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Stars and (Maybe) Stripes

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A crime doesn't really make great dinner-party conversation until it shows up in that chronicle of marquee names caught doing gutter deeds, "Dominick Dunne's Diary." Taking a break from his exhaustive probe of Edmond Safra's death, the writer -- whose fame has far outlasted the Menendez-brothers case that first put him on Larry King -- arrived at the Sotheby's price-fixing trial last week, all but stopping the show. One young newspaper reporter leaned over and said, in lieu of an introduction, "I knew we'd gotten to the good part when you showed up."

Before Dunne arrived, former Christie's CEO Christopher Davidge sat in the witness box looking more like an imperious Russian officer (picture Sean Connery's sub captain in The Hunt for Red October, minus the integrity) than a man who left school at 16 and went on to join the firm where his grandfather was a porter. A few promotions, $8 million in severance, and immunity from prosecution have made Davidge anything but servile. His jousting with Scott Muller, a lawyer for former Sotheby's head A. Alfred Taubman, over nearly every point led the exasperated defense attorney into a Clintonian dissection of the meaning of "we" in a crucial memo from Davidge's files.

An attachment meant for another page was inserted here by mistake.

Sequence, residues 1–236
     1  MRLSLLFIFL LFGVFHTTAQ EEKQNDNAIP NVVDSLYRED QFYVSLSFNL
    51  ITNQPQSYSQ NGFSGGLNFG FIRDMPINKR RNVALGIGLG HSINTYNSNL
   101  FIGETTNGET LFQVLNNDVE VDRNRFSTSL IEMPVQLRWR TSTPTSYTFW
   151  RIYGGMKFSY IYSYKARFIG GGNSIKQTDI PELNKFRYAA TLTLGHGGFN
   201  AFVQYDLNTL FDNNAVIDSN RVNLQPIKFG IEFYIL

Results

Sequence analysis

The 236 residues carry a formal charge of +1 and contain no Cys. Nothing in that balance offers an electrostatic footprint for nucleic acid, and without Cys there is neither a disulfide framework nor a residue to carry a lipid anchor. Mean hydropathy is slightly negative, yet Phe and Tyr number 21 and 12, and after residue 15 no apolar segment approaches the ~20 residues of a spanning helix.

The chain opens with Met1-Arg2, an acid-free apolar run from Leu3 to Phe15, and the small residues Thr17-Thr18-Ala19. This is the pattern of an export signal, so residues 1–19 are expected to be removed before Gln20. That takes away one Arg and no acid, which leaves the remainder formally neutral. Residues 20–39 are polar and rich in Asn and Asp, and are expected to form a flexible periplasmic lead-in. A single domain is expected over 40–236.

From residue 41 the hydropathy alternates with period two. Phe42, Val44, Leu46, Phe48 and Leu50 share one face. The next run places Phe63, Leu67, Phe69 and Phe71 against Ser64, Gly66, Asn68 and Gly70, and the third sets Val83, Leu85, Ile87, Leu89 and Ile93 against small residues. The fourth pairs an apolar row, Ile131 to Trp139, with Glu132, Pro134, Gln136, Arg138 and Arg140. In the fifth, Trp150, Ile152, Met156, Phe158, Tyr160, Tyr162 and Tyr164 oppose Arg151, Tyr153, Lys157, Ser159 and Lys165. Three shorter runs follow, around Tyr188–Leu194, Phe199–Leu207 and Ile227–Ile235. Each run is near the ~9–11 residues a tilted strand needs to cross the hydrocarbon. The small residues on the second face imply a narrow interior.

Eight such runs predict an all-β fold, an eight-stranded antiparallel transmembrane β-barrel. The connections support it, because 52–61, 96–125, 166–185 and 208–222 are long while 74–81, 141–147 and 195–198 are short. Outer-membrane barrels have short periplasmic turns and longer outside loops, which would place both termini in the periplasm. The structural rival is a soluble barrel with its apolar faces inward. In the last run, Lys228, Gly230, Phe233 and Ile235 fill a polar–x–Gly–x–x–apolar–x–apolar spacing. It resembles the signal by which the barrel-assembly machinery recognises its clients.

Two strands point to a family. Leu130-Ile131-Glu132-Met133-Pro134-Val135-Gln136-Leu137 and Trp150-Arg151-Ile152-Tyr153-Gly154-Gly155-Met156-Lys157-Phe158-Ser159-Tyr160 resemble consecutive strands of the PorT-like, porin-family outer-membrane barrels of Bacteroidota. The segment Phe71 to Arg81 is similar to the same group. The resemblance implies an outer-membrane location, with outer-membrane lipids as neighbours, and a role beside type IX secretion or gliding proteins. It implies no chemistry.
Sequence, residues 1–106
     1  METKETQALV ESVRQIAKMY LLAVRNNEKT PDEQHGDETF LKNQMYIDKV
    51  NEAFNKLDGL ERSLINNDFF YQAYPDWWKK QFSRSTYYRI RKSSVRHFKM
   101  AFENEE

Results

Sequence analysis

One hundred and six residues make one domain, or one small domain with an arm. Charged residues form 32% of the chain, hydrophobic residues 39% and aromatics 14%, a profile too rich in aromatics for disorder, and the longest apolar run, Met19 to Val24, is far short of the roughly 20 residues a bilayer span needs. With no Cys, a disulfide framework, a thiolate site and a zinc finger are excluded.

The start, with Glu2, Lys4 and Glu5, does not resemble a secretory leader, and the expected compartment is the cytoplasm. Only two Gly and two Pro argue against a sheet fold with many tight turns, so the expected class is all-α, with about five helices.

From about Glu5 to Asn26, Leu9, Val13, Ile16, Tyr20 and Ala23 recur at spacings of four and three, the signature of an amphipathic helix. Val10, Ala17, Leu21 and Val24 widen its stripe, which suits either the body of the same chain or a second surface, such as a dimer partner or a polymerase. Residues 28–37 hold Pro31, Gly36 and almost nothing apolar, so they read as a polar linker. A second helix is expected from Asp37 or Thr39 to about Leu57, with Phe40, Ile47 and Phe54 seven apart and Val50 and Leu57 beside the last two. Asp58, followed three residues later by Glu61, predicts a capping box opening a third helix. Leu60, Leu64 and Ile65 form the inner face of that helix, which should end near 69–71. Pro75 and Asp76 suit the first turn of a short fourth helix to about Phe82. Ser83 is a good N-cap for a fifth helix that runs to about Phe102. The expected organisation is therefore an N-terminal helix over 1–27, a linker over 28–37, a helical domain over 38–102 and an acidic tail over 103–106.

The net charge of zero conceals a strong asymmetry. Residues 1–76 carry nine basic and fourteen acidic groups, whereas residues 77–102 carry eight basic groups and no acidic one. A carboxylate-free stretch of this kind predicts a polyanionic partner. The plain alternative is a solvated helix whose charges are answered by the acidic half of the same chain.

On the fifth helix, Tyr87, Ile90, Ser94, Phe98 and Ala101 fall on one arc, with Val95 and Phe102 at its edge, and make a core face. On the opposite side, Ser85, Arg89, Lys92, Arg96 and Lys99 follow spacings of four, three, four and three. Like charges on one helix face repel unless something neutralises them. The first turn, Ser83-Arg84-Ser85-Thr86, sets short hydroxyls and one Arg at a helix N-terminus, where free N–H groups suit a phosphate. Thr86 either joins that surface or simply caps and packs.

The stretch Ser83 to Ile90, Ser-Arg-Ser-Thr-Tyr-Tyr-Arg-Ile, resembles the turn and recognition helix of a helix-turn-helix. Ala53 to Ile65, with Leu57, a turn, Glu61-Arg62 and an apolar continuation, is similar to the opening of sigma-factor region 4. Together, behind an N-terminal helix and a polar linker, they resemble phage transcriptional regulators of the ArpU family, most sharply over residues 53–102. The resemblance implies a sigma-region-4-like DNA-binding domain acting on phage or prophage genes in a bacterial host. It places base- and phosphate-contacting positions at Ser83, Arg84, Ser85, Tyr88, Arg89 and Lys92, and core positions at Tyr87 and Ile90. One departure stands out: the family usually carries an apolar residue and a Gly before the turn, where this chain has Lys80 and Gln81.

It wasn't until Dede Brooks took the stand for her J'accuse moment that the gallery became standing room only. Even Tobias Meyer, Sotheby's head of contemporary art, put in a short stint at the back of the room to gaze upon his fallen idols. "I've seen enough," he said as he left during a break in the testimony. "I just came to get a look at her."

In leaving so soon, Meyer missed a rich, emotional performance. Taking the oath, Brooks came off as a coltish high-school athlete, and her voice broke with nervousness during the first few routine questions. But at times under cross-examination, she revealed her famous hard edge, refusing to admit to any malfeasance: "We gave incredibly good service that we weren't getting paid for; what I did was wrong because it was illegal, but I don't think I harmed our clients." Twice during questions about her potential jail time, though, Brooks looked to be on the verge of tears. Which is exactly why Dominick Dunne was there.

Drawn by the promise of a filial drama between Brooks and Taubman, her mentor, he wasn't disappointed. When Brooks retailed Taubman's now-famous "You'll look good in stripes" line, Dunne said, "Now we're talking."

Even if Brooks hadn't uttered words worth dining out on, Dunne's willingness to stake out a bench at 8:30 a.m. allowed him to intercept Taubman. "You've come to watch him work?" asked a lighthearted and clearly confident Taubman as he gestured toward Muller. With that, the elfin writer reached up to put a reassuring hand on the Brobdingnagian shopping-mall tycoon's shoulder.

"I was worried he wouldn't take my being here well," Dunne said later, savoring an encounter that was part consolation and part benediction. "Al's got class."


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